WASHINGTON — A local congressman took exception to a recently released memo outlining the plans of the Obama administration to block the national defense bill.
U.S. House of Representatives
Rep. Robert Latta, R-Bowling Green: On Tuesday, Latta issued a statement responding to the memo, prepared in May, which outlined a plan to “play hardball” with Congress over the legislation, threatening to veto bill unless concessions were made.
“While there is plenty of disagreement in Washington, our country’s national defense is one area where politics should not take precedence over our nation’s troops and safety,” Latta said. “That’s why this brazenly political memo from the administration is so troublesome. Support for our military shouldn’t be reliant on playing political ‘hardball’ or using annual defense legislation as a ‘weapon’ to extract concessions. It’s beyond disappointing to see a bill that normally has such broad support become the target of petty politics.”
On Wednesday, Latta, along with Rep. Jim Jordan, R-Urbana, voted to pass the Stop Settlement Slush Funds Act, which passed by a 241-174 vote. The bill aims to cease the practice of directing U.S. Department of Justice settlements to special-interest groups rather than to affected victims or the U.S. Treasury’s general fund.
“The money obtained from bad actors as part of these settlements should be going to affected victims or into the Treasury to be appropriated by Congress,” Latta said. “Instead, we’re seeing these funds continue to be diverted to well-connected special interests that share the goals of the Obama administration, often with very little transparency. It’s not fair to the victims, and it’s not fair to the hardworking taxpayers to allow the diversion of this money to continue.”
On Thursday, Latta laid out his energy priorities at the initial meeting of the House and Senate Energy Conference Committee. Latta would like to see the existing Environmental Protection Agency oversight process for warranties and the Energy Star program codified, along with creating an advisory board to counsel the U.S. Departments of the Interior and Agriculture on policies benefiting hunting and wildlife resources.
Latta will also hold an informational session at 7 p.m. Thursday at the Findlay High School cafeteria for high school students and their families interested in attending one of the military branch academies and going through the nomination and appointment process.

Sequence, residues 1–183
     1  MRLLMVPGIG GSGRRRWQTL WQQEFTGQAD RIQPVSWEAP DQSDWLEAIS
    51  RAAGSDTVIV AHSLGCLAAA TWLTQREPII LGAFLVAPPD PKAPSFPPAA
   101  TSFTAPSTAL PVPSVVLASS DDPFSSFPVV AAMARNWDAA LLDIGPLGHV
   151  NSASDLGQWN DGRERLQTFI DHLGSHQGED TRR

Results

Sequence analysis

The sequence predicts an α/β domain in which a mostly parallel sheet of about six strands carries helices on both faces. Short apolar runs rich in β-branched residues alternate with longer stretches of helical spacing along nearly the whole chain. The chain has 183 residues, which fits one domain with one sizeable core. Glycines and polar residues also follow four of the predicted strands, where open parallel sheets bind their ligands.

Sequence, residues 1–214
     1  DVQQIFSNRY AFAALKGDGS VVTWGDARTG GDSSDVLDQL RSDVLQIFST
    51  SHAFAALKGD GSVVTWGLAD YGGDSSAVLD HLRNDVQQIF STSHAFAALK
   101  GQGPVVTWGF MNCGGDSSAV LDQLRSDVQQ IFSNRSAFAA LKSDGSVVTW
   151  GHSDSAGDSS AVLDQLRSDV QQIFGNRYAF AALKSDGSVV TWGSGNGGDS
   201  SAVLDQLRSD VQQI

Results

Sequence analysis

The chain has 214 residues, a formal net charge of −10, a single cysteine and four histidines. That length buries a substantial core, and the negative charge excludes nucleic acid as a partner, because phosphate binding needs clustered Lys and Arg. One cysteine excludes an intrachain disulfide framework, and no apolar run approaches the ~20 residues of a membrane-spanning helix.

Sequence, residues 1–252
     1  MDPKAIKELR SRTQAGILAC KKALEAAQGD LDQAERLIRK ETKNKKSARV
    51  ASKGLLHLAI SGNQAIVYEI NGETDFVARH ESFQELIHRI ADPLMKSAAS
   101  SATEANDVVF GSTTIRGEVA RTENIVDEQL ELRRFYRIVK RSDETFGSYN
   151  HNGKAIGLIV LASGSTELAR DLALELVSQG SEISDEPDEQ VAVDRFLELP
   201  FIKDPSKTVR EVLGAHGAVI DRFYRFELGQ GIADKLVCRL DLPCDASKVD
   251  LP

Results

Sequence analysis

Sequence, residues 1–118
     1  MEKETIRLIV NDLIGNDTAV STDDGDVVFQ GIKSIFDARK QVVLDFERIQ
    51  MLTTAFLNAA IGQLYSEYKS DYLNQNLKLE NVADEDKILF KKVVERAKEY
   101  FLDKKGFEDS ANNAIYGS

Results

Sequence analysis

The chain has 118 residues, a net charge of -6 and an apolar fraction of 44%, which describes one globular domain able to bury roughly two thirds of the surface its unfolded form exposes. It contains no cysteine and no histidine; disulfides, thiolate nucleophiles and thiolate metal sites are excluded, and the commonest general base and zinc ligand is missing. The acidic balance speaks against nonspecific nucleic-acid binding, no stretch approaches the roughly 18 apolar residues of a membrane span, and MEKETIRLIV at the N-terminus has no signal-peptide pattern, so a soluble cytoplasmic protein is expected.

Sen. Sherrod Brown, D-Ohio: On Wednesday, Brown outlined plans to reach out to ITT Tech students after the institution decided to close its doors. The U.S. Department of Education had moved last month to ban the institution from federal student aid after it found questionable practices at ITT.
ITT has 3,000 students in Ohio at nine campuses in the state.
Brown said students enrolled at ITT may be eligible to have federal student loans discharged, if they have been enrolled in the past 120 days. Credits earned at the institution may also be transferable.
“By taking action to hold ITT accountable, the Department of Education sent a clear signal that ripping off students and taxpayers will not be tolerated — no matter how big the school or how many lobbyists it employs. Putting an end to ITT’s unacceptable behavior was the right thing to do. At the same time, we have a responsibility to assist ITT’s current students who have done nothing wrong.”
On Thursday, Brown also held a rally with Ohio coal miners in Washington, D.C., calling for passage of the Miner’s Protection Act, which would set out to protect health care and pension benefits for those in the coal industry.
“These miners are facing crippling cuts to the health care and retirement security they earned,” he said. “Congress shouldn’t leave Washington until we keep the promises we’ve made to miners and their families.”
Brown was joined by Sen. Rob Portman, R-Ohio, who also called on passage of the bill.
“There are about 20,000 miners who at the end of this year, right now, could lose their health benefits if we don’t get this legislation passed,” he said. “It’s time to get [the Miner’s Protection Act] passed.”
Sen. Rob Portman, R-Ohio: On Wednesday, Portman, along with Sens. Rob Johnson, R-Wis., and Kelly Ayotte, R-N.H., introduced the Synthetics Trafficking and Overdose Prevention Act. This legislation aims to prevent synthetic drugs such as fentanyl and carfentanil from being shipped across borders and into the hands of drug traffickers. These synthetic opiates are often used with heroin, causing a spike in fatal overdoses.
“The vast majority of these synthetic drugs are trafficked in places like China and India, often through the mail,” Portman said. “If we require mail shipped through foreign postal services to send the same electronic advance data as private carriers like UPS or FedEx, we could save thousands of lives across the country. The STOP Act will close a gaping loophole in our mail security, and it will help stop dangerous synthetic drugs like fentanyl and carfentanil from being shipped across our borders.”
On Thursday, Portman called for the passage of the Senior Tax Hike Prevention Act, which he had introduced with Brown and which had received the endorsement of the AARP. The bill would call for the prevention of an increase in the threshold to claim the medical expense tax deduction for seniors, with the current rate of 7.5 percent set to increase to 10 percent the end of the year.
“To have medical expenses above the threshold means you either have to have low income, high out-of-pocket medical expenses or both,” Portman said. “These are not folks we should be raising taxes on, especially not now.”
Reach Craig Kelly at 567-242-0390 or on Twitter @Lima_CKelly.